MMR scientist did not hide link with legal case, letter reveals

By Jeremy Laurance, Health Editor
27 February 2004

Andrew Wakefield, the researcher who sparked the MMR scare with a paper in
The Lancet six years ago, did not cover up his links with the Legal Aid
Board, it emerged yesterday.

Dr Wakefield was accused at the weekend of failing to disclose the conflict
of interest over his research at the Royal Free Hospital in London,
suggesting a possible link between the MMR vaccination and bowel disease
and autism, which has led tens of thousands of parents to boycott the
triple vaccination.

But he did reveal his links with the Legal Aid Board in a letter published
in The Lancet on 2 May 1998, less than three months after his original
research paper.

Responding to critics of his study who suggested it was suffering from
"litigation bias", he admitted that he had been asked to "evaluate a small
number of children by the Legal Aid Board". But he insisted that the
children had been referred to him through normal channels and there had
been no bias in the way they were selected.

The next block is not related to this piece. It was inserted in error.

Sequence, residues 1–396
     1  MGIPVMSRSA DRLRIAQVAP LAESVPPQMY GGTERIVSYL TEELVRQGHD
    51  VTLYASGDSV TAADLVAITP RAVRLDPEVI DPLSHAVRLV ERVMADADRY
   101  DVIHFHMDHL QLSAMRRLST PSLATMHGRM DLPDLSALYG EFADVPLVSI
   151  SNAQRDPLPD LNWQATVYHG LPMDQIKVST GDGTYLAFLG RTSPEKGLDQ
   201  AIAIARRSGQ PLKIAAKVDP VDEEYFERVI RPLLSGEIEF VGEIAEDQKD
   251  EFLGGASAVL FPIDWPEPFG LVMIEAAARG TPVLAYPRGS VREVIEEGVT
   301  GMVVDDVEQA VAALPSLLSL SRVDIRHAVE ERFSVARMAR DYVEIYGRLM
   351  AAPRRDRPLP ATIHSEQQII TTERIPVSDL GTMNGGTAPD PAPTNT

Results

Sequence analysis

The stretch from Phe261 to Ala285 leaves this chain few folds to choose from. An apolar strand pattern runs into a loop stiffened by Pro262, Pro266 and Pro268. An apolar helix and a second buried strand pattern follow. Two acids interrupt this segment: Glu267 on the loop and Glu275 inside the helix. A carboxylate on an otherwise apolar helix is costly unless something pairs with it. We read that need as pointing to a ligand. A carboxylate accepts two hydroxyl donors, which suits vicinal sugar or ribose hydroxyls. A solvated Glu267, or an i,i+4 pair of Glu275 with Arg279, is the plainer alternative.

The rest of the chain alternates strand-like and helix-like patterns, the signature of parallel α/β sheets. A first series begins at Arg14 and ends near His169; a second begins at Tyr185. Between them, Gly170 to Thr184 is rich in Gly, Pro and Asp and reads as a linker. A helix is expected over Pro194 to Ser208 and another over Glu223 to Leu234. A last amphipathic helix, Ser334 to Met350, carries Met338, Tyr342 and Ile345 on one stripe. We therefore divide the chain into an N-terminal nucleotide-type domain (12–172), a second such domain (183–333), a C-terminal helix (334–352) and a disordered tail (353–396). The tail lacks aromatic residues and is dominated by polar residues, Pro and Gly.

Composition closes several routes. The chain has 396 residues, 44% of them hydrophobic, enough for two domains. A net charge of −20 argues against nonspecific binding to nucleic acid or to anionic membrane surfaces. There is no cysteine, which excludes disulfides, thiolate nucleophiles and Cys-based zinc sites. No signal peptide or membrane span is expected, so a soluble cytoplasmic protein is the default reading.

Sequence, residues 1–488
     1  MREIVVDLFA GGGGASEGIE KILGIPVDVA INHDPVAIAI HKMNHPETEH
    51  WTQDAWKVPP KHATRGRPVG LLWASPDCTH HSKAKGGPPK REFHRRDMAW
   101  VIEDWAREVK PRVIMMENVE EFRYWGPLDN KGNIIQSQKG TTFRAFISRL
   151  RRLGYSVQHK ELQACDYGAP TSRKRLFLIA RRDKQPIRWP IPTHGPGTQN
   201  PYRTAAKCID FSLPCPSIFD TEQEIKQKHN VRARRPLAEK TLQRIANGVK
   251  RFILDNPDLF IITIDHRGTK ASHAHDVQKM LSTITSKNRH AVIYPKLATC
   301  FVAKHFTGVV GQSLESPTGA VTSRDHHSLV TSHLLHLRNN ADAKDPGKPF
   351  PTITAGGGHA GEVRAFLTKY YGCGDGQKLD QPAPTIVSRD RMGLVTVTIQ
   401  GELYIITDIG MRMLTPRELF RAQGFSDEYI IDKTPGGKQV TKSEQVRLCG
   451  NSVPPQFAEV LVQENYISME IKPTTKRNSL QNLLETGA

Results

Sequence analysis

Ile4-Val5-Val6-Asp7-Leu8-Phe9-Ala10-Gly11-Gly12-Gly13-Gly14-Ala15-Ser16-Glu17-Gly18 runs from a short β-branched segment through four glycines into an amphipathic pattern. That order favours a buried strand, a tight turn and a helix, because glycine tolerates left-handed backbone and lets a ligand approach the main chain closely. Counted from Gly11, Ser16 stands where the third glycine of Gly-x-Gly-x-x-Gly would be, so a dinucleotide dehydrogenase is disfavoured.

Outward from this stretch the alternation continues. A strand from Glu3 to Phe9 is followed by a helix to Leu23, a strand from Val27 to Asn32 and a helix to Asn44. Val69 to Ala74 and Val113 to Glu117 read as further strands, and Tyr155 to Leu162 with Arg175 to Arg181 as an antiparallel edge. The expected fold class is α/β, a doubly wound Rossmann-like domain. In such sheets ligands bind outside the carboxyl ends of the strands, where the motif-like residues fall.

The disclosure raises questions about why The Lancet did not repudiate the
study at the time on the grounds that Dr Wakefield's involvement with the
Legal Aid Board represented a conflict of interest. It only did so when the
same allegations were put to it last week by The Sunday Times, almost six
years later.

A four-month investigation by the newspaper revealed that Dr Wakefield had
received 55,000 from the Legal Aid Board while working on the Lancet study
in preparation for a possible claim against the vaccine manufacturers. At
least four of the 12 children in the Lancet study were also included in the
study for the Legal Aid Board. The money was paid into his research fund.

Richard Horton, editor of The Lancet, said at the weekend that Dr
Wakefield's failure to disclose the conflict of interest left his research
paper "fatally flawed". But the letter published in The Lancet in May 1998
made Dr Wakefield's links with the Legal Aid Board clear. In the letter,
responding to critics of his paper published three months earlier, he
wrote: "Only one author (AJW) has agreed to help evaluate a small number of
these children on behalf of the Legal Aid Board." AJW are Dr Wakefield's

The Lancet declined to comment on the letter yesterday but a spokesman for
a medical publisher suggested it did not amount to a full disclosure
because it came three months after publication of the paper, made an
indirect reference to the legal aid study and did not mention any payment.